The Kingdom of Sweden ratified the Convention of 15 November 1965 on the Service Abroad of Judicial and Extrajudicial Documents in Civil or Commercial Matters, also called the Hague Service Convention, on August 2, 1969.
The Convention’s provisions entered into force in Sweden the following October 1st.
US attorneys seeking service in Sweden would be wise to familiarize themselves with the mandatory character of the Convention as set forth in Volkswagenwerk A.G. v. Schlunk, 486 U.S. 694 (1988).
Canadian attorneys should consult provincial precedent — Canadian courts take a more nuanced view of the Convention, but effectively reach the same conclusion: its limitations must be observed. Regardless of forum court requirements, the service rules of the receiving country must be observed, or enforcement of a judgment may become impossible.
The Swedish Central Authority is diligent in carrying out Hague service requests with as little delay as possible.
Swedish law provides for numerous types of formal service via the Central Authority, but their effectiveness and availability to foreign litigants vary. Our advisors can guide you in selecting the most effective channel to pursue.
Swedes learn English from the very beginning of their school years, and continue studying the language even beyond university level. Like most of their Scandinavian neighbors, all but the very oldest and very youngest Swedes speak fluent English. Nonetheless, Sweden requires that documents served in English must be accompanied by a Swedish translation.
In all cases, however, documents must be reasonably understood by the defendant in order to fulfill US Due Process requirements. In particular, for documents served upon a recipient who speaks neither English nor Swedish, translation into a third language may be necessary. US practitioners should explore this issue at length with our legal staff.
The Central Authority for Sweden is:
Ministry of Justice
Division for Criminal Cases and
International Judicial Co-operation / BIRS
SE-103 39 STOCKHOLM
Sweden provides numerous avenues for formal service via the Central Authority, but the most expeditious channel is not necessarily the most effective. Note also that certain types of substituted service and mailbox service may be routinely effected under foreign law, but have adverse Due Process implications in US jurisdictions.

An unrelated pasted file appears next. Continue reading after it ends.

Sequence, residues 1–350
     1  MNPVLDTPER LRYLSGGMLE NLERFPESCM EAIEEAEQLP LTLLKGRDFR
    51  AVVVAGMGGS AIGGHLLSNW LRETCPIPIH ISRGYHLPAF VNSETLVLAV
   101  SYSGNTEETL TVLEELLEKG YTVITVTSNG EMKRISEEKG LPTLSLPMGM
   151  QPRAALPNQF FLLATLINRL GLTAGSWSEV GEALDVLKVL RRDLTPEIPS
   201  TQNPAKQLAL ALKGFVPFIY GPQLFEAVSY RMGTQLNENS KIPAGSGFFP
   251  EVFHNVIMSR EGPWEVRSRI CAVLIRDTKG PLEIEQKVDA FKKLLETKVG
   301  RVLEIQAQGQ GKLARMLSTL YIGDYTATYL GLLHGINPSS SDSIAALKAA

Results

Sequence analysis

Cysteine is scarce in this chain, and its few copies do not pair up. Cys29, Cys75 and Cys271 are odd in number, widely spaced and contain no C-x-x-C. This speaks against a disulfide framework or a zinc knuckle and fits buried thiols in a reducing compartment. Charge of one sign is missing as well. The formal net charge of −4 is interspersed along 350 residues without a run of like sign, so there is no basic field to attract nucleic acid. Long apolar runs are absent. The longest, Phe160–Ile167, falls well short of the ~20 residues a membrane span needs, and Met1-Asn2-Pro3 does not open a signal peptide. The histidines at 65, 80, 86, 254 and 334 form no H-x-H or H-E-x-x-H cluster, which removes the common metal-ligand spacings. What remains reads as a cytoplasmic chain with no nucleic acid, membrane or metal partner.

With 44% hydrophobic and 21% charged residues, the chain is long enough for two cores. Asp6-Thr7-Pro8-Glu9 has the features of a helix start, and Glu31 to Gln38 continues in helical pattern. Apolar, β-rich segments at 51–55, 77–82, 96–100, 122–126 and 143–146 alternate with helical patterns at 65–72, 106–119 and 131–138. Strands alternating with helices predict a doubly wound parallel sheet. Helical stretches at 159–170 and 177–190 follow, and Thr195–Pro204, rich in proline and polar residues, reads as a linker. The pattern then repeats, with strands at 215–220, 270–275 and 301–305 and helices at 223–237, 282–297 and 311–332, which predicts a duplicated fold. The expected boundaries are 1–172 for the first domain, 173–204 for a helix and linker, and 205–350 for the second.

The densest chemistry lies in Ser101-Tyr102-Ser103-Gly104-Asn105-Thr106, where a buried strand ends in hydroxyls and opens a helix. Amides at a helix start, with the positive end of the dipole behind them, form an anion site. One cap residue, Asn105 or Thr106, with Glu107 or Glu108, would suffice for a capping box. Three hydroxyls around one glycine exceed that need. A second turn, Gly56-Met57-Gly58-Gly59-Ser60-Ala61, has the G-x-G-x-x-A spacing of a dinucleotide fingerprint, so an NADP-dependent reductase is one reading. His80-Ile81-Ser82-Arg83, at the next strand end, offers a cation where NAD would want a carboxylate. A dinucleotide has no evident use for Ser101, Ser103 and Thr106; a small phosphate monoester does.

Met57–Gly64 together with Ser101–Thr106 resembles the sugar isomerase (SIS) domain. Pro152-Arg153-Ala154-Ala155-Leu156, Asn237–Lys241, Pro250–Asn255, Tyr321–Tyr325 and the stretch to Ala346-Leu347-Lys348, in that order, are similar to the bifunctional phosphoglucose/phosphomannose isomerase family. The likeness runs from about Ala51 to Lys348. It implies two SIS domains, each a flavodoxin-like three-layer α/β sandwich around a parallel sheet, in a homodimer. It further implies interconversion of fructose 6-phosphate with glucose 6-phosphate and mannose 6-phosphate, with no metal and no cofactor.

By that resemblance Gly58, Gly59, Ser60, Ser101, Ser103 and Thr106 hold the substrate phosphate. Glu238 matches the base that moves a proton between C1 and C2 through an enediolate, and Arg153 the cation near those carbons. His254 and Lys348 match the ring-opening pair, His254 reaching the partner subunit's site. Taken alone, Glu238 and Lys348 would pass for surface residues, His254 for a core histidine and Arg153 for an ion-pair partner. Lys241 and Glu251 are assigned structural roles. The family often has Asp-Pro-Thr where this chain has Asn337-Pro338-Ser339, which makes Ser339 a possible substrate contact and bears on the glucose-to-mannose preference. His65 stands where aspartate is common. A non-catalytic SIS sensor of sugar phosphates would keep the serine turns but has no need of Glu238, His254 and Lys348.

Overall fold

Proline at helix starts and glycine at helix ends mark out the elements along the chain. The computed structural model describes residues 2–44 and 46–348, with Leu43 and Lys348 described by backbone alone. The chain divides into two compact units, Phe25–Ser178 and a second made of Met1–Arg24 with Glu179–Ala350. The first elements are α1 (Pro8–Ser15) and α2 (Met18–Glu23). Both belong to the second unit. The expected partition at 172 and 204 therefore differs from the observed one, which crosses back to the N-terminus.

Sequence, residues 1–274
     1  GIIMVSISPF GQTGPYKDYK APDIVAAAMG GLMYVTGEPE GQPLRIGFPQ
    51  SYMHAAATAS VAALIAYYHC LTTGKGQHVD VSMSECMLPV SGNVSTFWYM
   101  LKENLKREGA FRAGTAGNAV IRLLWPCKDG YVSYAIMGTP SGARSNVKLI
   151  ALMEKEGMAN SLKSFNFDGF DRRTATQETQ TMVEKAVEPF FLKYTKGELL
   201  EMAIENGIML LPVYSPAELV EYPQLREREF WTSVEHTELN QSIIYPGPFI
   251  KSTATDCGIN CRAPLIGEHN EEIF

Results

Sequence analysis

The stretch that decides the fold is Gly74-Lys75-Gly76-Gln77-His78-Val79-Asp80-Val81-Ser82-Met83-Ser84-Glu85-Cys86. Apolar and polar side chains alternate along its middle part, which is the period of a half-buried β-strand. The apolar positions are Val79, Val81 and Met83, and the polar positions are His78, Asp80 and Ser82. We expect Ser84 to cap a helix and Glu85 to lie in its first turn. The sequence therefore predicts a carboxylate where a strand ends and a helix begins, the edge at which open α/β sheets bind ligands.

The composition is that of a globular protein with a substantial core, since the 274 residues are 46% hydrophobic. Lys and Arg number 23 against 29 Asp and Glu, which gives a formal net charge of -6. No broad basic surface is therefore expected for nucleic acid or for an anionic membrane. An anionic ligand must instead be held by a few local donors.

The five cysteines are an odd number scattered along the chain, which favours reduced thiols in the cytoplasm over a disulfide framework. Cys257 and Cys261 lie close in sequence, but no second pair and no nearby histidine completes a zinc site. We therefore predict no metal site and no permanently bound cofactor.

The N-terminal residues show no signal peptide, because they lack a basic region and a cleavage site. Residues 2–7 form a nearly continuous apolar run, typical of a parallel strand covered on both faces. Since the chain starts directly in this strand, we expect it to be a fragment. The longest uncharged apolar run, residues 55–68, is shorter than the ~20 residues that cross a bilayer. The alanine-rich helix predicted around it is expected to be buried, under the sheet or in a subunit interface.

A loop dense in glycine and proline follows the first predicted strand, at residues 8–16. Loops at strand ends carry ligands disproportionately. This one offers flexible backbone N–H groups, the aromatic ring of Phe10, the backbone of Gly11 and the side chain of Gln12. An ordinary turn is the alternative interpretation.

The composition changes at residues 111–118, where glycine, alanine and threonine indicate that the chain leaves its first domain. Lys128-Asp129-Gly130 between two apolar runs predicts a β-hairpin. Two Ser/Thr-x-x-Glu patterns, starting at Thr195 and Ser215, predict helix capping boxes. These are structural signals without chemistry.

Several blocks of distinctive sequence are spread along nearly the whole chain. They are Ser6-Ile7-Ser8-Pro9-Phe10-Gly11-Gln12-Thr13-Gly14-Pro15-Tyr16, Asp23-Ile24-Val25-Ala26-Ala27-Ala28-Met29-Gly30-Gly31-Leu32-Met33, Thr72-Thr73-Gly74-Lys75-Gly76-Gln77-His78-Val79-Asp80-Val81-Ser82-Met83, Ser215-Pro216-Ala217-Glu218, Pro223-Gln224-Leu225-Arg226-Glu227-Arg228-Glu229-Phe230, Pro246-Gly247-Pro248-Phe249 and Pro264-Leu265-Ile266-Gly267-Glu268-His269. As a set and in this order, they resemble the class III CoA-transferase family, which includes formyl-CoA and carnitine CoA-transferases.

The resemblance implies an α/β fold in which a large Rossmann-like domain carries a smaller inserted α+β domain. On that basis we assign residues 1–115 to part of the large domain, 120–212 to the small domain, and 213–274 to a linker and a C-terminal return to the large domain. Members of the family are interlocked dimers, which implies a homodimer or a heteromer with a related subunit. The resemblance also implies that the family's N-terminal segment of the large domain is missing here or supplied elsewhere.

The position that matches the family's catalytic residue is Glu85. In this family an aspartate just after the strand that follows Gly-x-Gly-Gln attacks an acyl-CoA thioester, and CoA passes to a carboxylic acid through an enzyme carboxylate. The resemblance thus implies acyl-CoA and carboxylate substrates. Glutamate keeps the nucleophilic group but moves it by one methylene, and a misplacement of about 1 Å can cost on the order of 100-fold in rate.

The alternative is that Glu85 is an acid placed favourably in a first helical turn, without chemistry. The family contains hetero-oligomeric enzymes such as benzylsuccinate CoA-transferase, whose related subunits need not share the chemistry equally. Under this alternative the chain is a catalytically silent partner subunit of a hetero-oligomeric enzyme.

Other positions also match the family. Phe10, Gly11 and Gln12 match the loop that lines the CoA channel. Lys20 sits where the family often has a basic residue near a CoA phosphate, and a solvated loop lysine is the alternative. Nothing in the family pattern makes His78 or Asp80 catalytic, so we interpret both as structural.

Though often time-consuming, most process served via the Central Authority channel is deemed to have been proper in the foreign jurisdiction, and US courts will generally not look behind the foreign Central Authority’s proof of service. Northrup King v. Compania Productora Semillas, 51 F. 3d 1383, 1390 (8th Cir. 1995).
Our staff can assist you in discerning the best of Sweden’s options.
Sweden has declared that it has no objection to direct service by postal channel.
Mail service pursuant to the Hague Service Convention is fraught with problems — even when the destination state has not objected to such service. American jurisdictions are split regarding propriety of mail service under the Convention. Plaintiffs are advised to proceed with caution when employing this channel — and LLS recommends against using it.
In all cases, service via the postal channel should include a signed receipt mechanism (required under Fed. R. Civ. P. 4).
Sweden expresses no opposition to direct service by a judicial officer, official or other competent person. However, Swedish authorities are in no way obligated to assist litigants utilizing this channel. LLS does not recommend using this channel.
Likewise, Sweden does not object to direct service by “interested persons,” but Swedish authorities are under no obligation to assist litigants utilizing this channel.
LLS can assist you with service and can help you understand and meet the requirements for service of process in Sweden. Please call 1-800-755-5775 for more information.
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